Retirement plan rescue' saves a ton of taxes

RAISE YOUR HAND if you have a "substantial amount" in a qualified retirement plan such as an IRA, 401(k), profit-sharing plan or the like. For our purposes, "substantial amount" means $300,000 or more. This is a bad-news/good-news column. First, the bad news, in the form of an example: Joe has $1 million in his 401(k). Two taxes destroy Joe's $1 million plan wealth. When Joe takes out just $1, the

RAISE YOUR HAND if you have a "substantial amount" in a qualified retirement plan such as an IRA, 401(k), profit-sharing plan or the like. For our purposes, "substantial amount" means $300,000 or more.

This is a bad-news/good-news column.

First, the bad news, in the form of an example: Joe has $1 million in his 401(k). Two taxes destroy Joe's $1 million plan wealth. When Joe takes out just $1, the income tax (state and federal) grabs 40% (40 cents), leaving 60 cents. At Joe's death (using 2011 rates) the estate tax steals 55% (33 cents) of the 60 cents. What's the result? The family gets only 27 cents out of every $1; the tax collector gets 73 cents. If Joe dies with funds still in his 401(k), the tax collector still double taxes the balance (as described above).

So, dead or alive, the tax collector will get $730,000 of Joe's $1 million in his 401(k), the family only $270,000.

To make matters worse the IRS has, without warning, refused to favorably rule (as it did in the past) on a strategy called the "subtrust." The use of this strategy (subtrust) allowed us — depending on the client's marital status, age and health — to turn that $270,000 (as in Joe's example) into a range between $2 million and $6 million, all taxes paid in full.

The subtrust really only had one trick. It allowed you to use qualified plan funds to buy life insurance, and the death benefit was free of the income tax and the estate tax.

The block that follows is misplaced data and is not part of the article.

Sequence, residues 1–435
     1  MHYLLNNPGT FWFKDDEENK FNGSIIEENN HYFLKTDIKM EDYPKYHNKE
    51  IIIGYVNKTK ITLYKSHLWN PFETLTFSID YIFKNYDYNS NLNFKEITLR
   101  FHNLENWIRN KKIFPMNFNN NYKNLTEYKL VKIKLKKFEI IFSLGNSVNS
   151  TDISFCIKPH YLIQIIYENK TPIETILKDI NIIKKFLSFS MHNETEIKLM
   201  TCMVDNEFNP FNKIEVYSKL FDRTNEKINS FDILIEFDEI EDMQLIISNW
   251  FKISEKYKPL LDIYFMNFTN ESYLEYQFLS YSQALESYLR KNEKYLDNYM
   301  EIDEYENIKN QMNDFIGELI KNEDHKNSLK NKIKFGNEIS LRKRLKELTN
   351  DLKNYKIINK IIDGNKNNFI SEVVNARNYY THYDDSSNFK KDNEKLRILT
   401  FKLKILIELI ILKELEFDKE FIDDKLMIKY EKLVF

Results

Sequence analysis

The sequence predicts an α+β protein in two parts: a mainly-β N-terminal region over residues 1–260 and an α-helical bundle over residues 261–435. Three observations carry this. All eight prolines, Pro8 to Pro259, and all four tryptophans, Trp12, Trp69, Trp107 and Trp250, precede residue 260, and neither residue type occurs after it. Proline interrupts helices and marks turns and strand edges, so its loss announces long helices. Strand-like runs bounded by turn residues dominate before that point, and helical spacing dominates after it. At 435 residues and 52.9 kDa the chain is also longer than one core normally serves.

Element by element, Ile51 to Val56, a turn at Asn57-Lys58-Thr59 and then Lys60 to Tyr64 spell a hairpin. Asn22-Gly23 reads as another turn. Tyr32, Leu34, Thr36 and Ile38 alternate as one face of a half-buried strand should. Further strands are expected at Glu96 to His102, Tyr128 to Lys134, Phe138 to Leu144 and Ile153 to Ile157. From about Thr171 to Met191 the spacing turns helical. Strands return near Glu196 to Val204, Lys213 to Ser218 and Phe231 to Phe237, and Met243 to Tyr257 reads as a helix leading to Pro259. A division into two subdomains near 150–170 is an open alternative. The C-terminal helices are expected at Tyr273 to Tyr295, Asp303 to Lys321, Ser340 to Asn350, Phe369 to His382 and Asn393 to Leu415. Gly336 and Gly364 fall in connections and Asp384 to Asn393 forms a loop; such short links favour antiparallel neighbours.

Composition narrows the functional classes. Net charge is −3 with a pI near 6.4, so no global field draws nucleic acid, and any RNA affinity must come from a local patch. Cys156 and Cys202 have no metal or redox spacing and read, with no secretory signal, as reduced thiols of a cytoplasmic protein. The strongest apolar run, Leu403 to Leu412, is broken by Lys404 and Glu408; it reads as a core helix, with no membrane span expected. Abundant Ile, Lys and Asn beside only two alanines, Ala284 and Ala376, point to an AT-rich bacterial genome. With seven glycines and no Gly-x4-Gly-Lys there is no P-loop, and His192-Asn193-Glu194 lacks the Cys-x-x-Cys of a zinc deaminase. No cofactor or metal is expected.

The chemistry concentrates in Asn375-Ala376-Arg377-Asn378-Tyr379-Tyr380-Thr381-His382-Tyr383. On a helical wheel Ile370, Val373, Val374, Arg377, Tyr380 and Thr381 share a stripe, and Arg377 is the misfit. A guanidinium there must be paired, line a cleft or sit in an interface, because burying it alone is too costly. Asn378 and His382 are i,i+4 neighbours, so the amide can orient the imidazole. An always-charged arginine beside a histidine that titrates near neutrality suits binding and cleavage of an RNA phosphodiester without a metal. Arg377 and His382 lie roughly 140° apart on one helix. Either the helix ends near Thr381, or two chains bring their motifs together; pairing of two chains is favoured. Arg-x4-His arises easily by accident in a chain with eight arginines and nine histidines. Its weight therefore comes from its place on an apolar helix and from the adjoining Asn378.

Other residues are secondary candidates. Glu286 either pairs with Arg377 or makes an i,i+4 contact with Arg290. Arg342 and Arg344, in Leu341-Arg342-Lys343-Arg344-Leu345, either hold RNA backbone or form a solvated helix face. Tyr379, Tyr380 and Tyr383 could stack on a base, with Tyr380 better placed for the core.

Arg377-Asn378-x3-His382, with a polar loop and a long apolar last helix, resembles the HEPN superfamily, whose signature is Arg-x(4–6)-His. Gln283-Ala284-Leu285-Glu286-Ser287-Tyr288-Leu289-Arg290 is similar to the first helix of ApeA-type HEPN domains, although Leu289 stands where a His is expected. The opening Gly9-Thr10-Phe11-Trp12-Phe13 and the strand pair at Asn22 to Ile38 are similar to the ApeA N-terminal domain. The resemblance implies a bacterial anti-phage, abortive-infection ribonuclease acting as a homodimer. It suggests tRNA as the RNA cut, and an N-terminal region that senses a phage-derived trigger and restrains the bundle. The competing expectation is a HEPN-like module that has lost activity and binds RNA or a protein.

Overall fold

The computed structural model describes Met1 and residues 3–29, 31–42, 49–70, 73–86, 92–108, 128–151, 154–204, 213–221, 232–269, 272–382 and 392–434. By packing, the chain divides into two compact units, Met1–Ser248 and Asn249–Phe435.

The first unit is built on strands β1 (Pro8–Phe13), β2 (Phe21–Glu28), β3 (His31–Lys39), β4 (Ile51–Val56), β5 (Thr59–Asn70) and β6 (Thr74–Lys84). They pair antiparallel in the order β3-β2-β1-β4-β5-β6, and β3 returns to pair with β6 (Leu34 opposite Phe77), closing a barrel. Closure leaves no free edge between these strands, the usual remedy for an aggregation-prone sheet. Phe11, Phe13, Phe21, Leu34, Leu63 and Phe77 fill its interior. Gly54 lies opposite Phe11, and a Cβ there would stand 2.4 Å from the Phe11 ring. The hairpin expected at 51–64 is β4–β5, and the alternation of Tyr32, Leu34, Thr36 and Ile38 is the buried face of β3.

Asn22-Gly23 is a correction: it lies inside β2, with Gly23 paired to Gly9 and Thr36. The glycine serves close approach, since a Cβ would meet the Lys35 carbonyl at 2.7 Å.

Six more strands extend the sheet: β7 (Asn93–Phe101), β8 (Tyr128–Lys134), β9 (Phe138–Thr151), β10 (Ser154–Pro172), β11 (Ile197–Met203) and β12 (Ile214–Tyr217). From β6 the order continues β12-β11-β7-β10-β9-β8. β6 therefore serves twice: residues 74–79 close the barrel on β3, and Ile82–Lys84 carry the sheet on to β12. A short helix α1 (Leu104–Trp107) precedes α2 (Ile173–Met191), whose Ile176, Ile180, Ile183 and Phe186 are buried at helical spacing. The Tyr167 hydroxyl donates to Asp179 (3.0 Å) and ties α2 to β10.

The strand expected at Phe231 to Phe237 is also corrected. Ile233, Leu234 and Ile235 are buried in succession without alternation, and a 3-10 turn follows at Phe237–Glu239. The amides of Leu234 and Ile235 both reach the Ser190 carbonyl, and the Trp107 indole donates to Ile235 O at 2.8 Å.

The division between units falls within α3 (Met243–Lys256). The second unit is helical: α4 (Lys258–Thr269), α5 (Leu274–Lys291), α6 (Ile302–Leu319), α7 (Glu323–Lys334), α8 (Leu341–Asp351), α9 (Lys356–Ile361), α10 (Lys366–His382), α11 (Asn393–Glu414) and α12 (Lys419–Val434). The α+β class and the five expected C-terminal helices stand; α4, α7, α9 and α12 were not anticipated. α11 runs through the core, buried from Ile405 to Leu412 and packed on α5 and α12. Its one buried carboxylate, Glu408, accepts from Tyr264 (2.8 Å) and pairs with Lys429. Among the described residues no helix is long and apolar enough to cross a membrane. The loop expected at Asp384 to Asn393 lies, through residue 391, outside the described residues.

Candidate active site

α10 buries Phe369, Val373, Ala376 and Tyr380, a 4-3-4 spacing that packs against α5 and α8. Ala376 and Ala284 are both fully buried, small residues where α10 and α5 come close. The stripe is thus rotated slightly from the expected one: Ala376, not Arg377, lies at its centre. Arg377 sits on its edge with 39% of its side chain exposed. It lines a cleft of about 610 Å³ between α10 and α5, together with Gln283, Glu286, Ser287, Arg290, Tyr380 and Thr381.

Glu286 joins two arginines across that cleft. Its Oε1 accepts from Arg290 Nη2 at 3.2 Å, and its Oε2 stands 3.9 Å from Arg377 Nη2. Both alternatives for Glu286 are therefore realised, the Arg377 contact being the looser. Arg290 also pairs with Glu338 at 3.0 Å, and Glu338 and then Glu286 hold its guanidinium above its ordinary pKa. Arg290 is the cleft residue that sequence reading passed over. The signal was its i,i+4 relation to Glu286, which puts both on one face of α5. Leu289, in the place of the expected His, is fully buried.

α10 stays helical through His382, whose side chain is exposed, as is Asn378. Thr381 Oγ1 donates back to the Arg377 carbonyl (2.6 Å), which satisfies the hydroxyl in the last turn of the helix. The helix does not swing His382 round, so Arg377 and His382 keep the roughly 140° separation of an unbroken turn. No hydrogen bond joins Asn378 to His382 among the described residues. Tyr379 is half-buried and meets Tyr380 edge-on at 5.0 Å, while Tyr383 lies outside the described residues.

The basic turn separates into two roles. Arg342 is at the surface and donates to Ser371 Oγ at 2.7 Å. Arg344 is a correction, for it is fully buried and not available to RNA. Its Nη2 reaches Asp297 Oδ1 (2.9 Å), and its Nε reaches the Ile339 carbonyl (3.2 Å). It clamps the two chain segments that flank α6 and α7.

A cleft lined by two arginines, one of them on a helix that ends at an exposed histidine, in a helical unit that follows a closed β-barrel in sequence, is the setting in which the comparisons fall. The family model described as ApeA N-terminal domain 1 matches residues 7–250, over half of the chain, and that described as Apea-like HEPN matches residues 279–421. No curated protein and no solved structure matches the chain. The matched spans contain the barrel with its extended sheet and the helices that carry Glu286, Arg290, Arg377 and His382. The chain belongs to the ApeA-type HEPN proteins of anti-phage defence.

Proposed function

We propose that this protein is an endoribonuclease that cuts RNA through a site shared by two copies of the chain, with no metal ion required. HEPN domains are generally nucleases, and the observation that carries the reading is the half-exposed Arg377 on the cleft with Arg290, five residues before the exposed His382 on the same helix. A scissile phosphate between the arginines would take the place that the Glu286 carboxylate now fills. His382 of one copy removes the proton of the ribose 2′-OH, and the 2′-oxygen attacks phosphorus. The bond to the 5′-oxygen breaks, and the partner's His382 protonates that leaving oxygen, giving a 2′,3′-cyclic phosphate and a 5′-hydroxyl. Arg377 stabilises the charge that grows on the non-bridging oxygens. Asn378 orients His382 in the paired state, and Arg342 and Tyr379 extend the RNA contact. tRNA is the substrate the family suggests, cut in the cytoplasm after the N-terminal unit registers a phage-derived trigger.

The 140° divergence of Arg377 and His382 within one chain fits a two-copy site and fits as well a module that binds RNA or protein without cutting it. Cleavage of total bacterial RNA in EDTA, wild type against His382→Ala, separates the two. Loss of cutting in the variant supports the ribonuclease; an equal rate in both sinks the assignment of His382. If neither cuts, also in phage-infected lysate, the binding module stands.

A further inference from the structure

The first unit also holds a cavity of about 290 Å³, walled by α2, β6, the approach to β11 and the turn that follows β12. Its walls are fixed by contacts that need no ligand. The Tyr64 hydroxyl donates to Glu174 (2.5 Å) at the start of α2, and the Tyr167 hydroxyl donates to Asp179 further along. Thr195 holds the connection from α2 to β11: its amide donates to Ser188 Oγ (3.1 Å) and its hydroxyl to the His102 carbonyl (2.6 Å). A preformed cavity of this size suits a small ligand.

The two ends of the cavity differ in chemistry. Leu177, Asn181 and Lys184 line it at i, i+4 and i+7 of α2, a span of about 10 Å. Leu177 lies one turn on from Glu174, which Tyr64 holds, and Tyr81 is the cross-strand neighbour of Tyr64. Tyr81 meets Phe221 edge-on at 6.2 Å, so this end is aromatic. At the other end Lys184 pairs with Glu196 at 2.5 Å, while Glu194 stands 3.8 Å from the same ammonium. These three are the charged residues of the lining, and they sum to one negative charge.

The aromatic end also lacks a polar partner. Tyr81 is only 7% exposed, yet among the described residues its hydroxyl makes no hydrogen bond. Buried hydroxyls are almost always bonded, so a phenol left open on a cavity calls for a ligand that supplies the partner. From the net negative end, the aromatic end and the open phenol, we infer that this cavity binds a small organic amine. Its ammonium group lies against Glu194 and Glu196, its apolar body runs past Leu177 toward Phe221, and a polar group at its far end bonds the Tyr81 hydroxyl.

So, it was back to the drawing board for my network of experts and me.

And now the good news: We have come up with a new strategy (really a variation of strategies we have been using for decades) that gives the same results as a subtrust. We named the strategy the "Retirement Plan Rescue."

The core concept behind an RPR is to shift from a highly taxed environment (a qualified plan) into a tax-free environment (life insurance). Sorry, but if you are uninsurable or highly rated (have serious health issues), an RPR won't work for you. Have a healthy spouse? She or he will probably save the day and put an RPR in your planning picture.

The implementation of an RPR requires a great deal of expertise. In addition, each RPR (because of the many variables) is different and must be looked at on a case-by-case basis.

Finally, the big questions for readers are, "How will an RPR work for me and my family? What will my tax-savings be? How much tax-free wealth can I create?" Here's the information you should fax (847/674-5299) to me: your name, address and phone numbers (business, home and cell); total amount in all qualified plans combined (if married, same for your spouse); and your birthday (also your spouse's).

Hidden asset strategy
Does $120,000, $200,000 or more paid to you in cash sound interesting? Without any investment, risk or work? We call it the "Hidden Asset Strategy."

What is your hidden asset? It is your unused insurance capacity. For example, Joe (age 73) has total assets of $5 million (counting the assets of his wife, Mary). Joe's insurance capacity is normally 80% of his marital assets or $4 million. Joe can use his HAS to sell his insurance capacity for about 3% netting him $120,000 (3% of $4 million). The $120,000 is taxed as ordinary income.

Who owns the policy on Joe's life? Investors, who pay all premiums and will receive 100% of the death benefits.

Joe is typical of millions of seniors. He does not need or want life insurance. Or if Joe has $1 million in life insurance, he still has insurance capacity of $3 million, allowing him to use a HAS to receive about $90,000.

If you are 65 years or older, have insurance capacity and are insurable (or if not, your spouse is insurable) you can get in on the fun and profit.

In order to qualify, you must be between the ages of 72 and 86, have assets (including your spouse) of at least $2.5 million and be insurable.

A side (but important) note: Many senior readers of this column don't need or want life insurance. And sometimes these readers want life insurance, but, in spite of their wealth, can't afford life insurance because they don't have the necessary spendable cash flow. Finally, HAS is a way to help these senior readers.

The real question for each and every senior reader is, "How will a HAS work for me?" Here's the information you should fax (847/674-5299) to me: your name, address and phone numbers (business, home and cell); your birthday (same for your spouse); and your net worth (including your spouse).

Irving Blackman is a partner in Blackman Kallick Bartelstein, 10 S. Riverside Plaza, Suite 900, Chicago, IL 60606; telephone 312/207-1040, or via e-mail at [email protected].

TAGS: Taxes